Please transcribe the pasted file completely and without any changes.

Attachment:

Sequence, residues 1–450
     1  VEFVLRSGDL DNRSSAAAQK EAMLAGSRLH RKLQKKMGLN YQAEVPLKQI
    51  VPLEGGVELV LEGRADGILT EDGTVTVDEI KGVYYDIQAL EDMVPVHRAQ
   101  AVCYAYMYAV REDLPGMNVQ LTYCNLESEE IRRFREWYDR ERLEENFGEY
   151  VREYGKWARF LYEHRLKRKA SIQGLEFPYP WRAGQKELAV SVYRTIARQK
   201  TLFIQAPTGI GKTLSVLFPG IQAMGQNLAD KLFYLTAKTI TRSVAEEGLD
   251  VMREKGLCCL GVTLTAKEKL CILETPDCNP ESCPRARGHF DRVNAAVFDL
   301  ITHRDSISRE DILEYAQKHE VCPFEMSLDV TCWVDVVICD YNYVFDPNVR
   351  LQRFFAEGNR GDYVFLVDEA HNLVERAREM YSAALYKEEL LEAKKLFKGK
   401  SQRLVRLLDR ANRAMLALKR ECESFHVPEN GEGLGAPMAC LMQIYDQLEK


Sequence, residues 1–450
     1  VEFVLRSGDL DNRSSAAAQK EAMLAGSRLH RKLQKKMGLN YQAEVPLKQI
    51  VPLEGGVELV LEGRADGILT EDGTVTVDEI KGVYYDIQAL EDMVPVHRAQ
   101  AVCYAYMYAV REDLPGMNVQ LTYCNLESEE IRRFREWYDR ERLEENFGEY
   151  VREYGKWARF LYEHRLKRKA SIQGLEFPYP WRAGQKELAV SVYRTIARQK
   201  TLFIQAPTGI GKTLSVLFPG IQAMGQNLAD KLFYLTAKTI TRSVAEEGLD
   251  VMREKGLCCL GVTLTAKEKL CILETPDCNP ESCPRARGHF DRVNAAVFDL
   301  ITHRDSISRE DILEYAQKHE VCPFEMSLDV TCWVDVVICD YNYVFDPNVR
   351  LQRFFAEGNR GDYVFLVDEA HNLVERAREM YSAALYKEEL LEAKKLFKGK
   401  SQRLVRLLDR ANRAMLALKR ECESFHVPEN GEGLGAPMAC LMQIYDQLEK